It’s also possible that pandemic life has caused your child to be more used to “lazing around” the house or even some weight gain with lessened outlets for activity and increased eating out of boredom or increased access. These could be “normal” changes in these circumstances, but consider whether it could be more. Depression often comes in waves, so just because your child seems happy or is laughing one minute doesn’t mean that they’re not experiencing depression. Oftentimes you can pinpoint a reason for your sadness, but depressed feelings feel more ambiguous and often hard to identify what you are feeling down about. Try to discern whether your child is struggling to name what’s got them down versus when they just don’t want to talk about it with you as their parent.
2. Empower Your Child(ren)
If your child is expressing feeling depressed or showing these symptoms, it’s important for you to be a safe place for them. It can feel scary as a parent to name what your child is experiencing as depression because it can feel like a negative reflection on you or on your child. It’s not. Giving depression a name can make it more real, but it can also give you some more tangible steps for how to address it.
3. Ask Questions Instead of Making Assumptions
This is a good rule of thumb for parenting in general, but especially when it comes to your child’s mental health. If you have experienced depression, do not assume your child’s experience with it is the same. Depression can be experienced in different ways, so be curious. Try open ended questions like “what does depression feel like for you?” or “what’s it like to feel so tired and unfocused for you?”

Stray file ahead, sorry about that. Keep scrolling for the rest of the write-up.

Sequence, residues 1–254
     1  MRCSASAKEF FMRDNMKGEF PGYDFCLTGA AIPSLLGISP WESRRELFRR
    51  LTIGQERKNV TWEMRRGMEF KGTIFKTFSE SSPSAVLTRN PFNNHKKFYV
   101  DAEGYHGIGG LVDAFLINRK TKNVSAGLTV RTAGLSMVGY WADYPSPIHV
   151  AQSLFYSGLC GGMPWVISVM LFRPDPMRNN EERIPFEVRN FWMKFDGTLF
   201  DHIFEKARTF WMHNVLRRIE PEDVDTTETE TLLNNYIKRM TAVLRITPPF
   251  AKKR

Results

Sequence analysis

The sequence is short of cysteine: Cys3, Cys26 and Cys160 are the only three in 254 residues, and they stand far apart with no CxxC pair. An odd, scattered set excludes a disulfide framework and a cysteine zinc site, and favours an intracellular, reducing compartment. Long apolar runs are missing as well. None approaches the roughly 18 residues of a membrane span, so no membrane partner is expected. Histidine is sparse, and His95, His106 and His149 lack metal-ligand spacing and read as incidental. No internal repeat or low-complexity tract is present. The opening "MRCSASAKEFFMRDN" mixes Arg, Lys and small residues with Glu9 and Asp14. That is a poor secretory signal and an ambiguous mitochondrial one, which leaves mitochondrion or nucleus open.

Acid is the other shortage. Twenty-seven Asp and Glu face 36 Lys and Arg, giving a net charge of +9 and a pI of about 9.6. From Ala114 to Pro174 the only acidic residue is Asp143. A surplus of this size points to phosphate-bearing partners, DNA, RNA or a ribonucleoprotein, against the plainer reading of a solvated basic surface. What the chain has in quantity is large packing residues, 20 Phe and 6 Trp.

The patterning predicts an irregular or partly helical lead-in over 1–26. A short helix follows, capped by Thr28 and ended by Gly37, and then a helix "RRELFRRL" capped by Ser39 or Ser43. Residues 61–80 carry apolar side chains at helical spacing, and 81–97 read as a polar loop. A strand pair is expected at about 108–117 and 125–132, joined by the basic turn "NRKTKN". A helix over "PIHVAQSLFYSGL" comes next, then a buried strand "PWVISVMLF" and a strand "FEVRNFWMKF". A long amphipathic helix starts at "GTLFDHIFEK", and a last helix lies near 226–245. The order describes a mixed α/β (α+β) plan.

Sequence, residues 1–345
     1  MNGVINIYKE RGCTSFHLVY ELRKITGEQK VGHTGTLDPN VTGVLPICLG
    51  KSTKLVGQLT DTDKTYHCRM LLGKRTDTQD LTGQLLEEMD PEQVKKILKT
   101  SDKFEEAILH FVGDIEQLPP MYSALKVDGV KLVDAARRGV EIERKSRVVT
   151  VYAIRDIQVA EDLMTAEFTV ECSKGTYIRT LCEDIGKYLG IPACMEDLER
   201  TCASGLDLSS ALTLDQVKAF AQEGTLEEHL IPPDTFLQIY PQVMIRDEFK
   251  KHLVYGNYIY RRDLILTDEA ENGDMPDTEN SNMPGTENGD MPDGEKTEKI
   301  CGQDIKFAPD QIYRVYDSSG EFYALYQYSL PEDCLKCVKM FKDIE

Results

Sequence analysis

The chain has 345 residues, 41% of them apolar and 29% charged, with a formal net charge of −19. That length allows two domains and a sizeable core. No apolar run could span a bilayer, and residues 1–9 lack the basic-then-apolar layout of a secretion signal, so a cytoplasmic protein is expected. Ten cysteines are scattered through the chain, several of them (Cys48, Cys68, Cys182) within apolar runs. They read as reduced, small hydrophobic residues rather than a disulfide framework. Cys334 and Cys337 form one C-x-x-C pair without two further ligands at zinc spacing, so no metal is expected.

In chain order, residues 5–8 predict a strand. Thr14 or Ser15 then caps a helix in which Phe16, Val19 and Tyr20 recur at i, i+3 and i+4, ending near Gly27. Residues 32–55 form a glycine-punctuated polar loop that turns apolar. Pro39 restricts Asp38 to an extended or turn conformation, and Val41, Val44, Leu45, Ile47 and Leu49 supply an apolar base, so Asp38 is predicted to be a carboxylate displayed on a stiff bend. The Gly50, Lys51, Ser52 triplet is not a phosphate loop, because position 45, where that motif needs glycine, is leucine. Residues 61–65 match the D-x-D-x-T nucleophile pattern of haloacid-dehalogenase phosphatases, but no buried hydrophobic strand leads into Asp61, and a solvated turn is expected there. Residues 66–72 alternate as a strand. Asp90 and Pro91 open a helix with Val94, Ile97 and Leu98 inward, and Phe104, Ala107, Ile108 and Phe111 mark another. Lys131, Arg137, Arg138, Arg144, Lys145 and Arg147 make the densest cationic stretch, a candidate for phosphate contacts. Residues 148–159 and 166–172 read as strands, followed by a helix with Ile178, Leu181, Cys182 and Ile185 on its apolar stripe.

4. Offer Support More Than Advice
Validate how they’re feeling, even if it feels small to you. Remember that their world is smaller than yours, so it’s natural for their problems to be too. Try responding with empathetic statements like “that sounds really hard” or “I’m sorry you’re carrying that right now.” Ask how you can support them instead of offering 12 ideas on how they can stop feeling so sad.
5. Seek Professional Help
If your child is struggling with clinical depression, they need clinical support. Seek a counselor (or help empower your teenager to seek a counselor) that’s a good fit. Consider background, therapeutic style, cost and availability. Tell your child that they don’t have to continue to see someone if it’s not the right fit for them and follow through on that promise.
At some point in your parenting journey, you will likely find yourself telling your child some version of “just because everyone else is doing it doesn’t mean you have to.” Hold yourself to the same standard. Just because lots of people are struggling with the upheaval in our world doesn’t mean that your child doesn’t need support. Let’s be the kind of parents who champion good mental health and normalize expressing our feelings in healthy ways.
Milestones Counseling has a variety of therapists with different backgrounds and specialities and we’d love to help you find the right one for your child. Give us a call at (443) 574-4295 to set up an appointment today!